*Corresponding Author:
Susan kurian
Department of Zoology, Mar Ivanios College (Autonomous), Thiruvananthapuram, Kerala 695015, India
Date of Received 02 February 2022
Date of Revision 04 May 2023
Date of Acceptance 02 January 2024
Indian J Pharm Sci 2023;86(1):222-227  

This is an open access article distributed under the terms of the Creative Commons Attribution-NonCommercial-ShareAlike 3.0 License, which allows others to remix, tweak, and build upon the work non-commercially, as long as the author is credited and the new creations are licensed under the identical terms


Artocarpus heterophyllus Lam. is the common jackfruit tree belongs to family Moraceae. The protective role of leaf petiole part of the plant was investigated in experimental hepatotoxicity. Antioxidant enzyme activity was investigated in acetaminophen intoxicated rat liver treated with methanol extract of Artocarpus heterophyllus. Phytochemical analysis and the antioxidant property of successive hexane, ethyl acetate and methanol extracts of Artocarpus heterophyllus showed highest activity with methanol extract (Artocarpus heterophyllus). Superoxide dismutase, catalase (antioxidant enzymes) and glutathione showed significant increase in rats with oral administration of Artocarpus heterophyllus compared to the acetaminophen treated group. The degree of hepatoprotection was assessed by the activity of aspartate amino transferase, alanine aminotransferase, alkaline phosphatase, lactate dehydrogenase and gamma glutamyl transpeptidase. A dose dependant protective effect of Artocarpus heterophyllus (200 mg/kg body weight, 400 mg/kg body weight) against acetaminophen-induced hepatotoxicity in albino rats was identified. Histopathological evaluation of the liver confirmed the hepatoprotective function of methanol extract of Artocarpus heterophyllus as evident in biochemical evaluations. The results of the present study suggest the potential use of leaf petiole of Artocarpus heterophyllus in the treatment of liver disease due to its ability to protect as an antioxidant.


Artocarpus heterophyllus Lam., hepatoprotection, antioxidant enzymes, acetaminophen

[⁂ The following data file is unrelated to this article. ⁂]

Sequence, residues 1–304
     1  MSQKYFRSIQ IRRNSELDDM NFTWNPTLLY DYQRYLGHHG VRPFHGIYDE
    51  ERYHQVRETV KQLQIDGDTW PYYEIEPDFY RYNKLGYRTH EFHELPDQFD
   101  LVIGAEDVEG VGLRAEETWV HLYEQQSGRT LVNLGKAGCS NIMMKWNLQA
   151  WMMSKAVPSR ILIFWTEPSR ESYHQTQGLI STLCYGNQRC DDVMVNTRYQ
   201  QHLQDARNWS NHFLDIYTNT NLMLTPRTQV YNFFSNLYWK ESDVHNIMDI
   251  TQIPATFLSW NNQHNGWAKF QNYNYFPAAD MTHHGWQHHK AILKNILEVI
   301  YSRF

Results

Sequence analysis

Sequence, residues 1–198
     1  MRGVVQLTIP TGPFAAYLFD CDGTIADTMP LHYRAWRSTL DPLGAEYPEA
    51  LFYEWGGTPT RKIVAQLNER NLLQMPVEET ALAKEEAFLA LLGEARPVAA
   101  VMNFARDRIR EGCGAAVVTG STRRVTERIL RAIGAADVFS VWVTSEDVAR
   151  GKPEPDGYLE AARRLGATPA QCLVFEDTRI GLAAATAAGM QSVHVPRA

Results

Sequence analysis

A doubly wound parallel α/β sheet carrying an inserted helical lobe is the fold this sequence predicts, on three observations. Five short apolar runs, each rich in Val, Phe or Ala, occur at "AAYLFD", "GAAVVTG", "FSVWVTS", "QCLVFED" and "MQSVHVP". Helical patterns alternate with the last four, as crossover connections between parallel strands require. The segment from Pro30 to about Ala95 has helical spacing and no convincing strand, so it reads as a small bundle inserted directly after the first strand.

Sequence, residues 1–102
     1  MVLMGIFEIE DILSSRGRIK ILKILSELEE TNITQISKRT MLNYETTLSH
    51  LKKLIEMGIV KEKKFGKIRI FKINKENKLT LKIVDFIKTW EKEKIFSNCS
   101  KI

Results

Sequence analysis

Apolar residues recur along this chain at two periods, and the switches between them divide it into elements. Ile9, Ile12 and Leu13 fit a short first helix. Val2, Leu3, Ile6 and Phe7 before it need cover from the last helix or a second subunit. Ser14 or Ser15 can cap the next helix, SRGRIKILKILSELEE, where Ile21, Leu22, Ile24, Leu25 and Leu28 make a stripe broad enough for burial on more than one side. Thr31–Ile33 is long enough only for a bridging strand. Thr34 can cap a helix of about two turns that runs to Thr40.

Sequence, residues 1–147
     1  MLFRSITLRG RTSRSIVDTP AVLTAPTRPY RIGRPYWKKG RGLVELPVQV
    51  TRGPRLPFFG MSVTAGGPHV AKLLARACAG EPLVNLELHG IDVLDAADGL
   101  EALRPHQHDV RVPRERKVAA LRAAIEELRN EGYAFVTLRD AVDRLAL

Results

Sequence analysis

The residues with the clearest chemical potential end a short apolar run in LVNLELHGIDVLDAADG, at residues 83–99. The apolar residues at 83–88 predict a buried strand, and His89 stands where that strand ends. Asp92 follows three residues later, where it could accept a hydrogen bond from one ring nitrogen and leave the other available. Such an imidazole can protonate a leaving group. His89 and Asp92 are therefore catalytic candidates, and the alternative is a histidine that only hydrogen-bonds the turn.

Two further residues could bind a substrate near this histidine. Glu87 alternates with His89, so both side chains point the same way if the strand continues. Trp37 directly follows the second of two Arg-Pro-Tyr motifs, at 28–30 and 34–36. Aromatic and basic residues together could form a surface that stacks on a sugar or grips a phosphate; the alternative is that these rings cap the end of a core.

Reactive Oxygen Species (ROS) are spontaneously generated in cells during metabolism and are implicated in the etiology of different degenerative diseases[1]. Oxidative stress plays a fundamental role in the acute hepatoxicity of several drugs, including the world-widely used analgesic and antipyretic Acetaminophen (APAP)[2]. Increase in the use of synthetic drugs lead to many side effects and undesirable hazards[3]. This leads to the search of natural products which are economically viable and culturally acceptable.

The therapeutic use of many traditional medicines attributes the presence of antioxidant properties. Artocapus heterophyllus (A. heterophyllus) (Jackfruit), belonging to Moraceae is reported to have anti-inflammatory, antidiuretic, antioxidant, antifungal and immunomodulatory properties[4,5]. Various studies revealed the diverse secondary metabolites present in its fruits and seeds[6-9] . Hepatoprotective activity of aqueous extract of seed, leaf and fruit of A. heterophyllus was reported earlier with Carbon tetrachloride (CCl4) induced hepatotoxicity on Swiss albino mice[10-12]. Hot water decoction of the mature leaf petiole of Jackfruit is traditionally used for many ailments due to its anti-inflammatory effect[13].

Although many medicinal properties of the plant are reported, no investigations have been so far done to validate the hepatoprotective role of leaf petiole part of A. heterophyllus through its antioxidant protection. Hence the objective of the present study is to evaluate the hepatoprotective action of A. heterophyllus against APAP induced hepatotoxicity.

Materials and Methods

Plant material:

A. heterophyllus Lam. was collected locally from Thiruvananthapuram, Kerala, India. The plant materials were identified and the voucher specimen had been deposited in the Herbarium of Department of Botany, University of Kerala, Thiruvananthapuram, Kerala, with voucher number: KUBH-6027 for future reference.

Preparation of plant extracts:

The petioles of mature leaves of A. heterophyllus were collected, washed and shade dried. The dried plant material was powdered and was successively extracted in soxhlet apparatus with hexane (AHH), ethyl acetate (AHE) and methanol (AHM) in the order of their increasing polarity until it becomes colourless[14]. The solvents were removed from the extracts using rotary vacuum evaporator and stored in the refrigerator for further analysis. Phytochemical analysis and the antioxidant property of the extracts showed highest activity with AHM[6,7]. So AHM was selected for further investigations.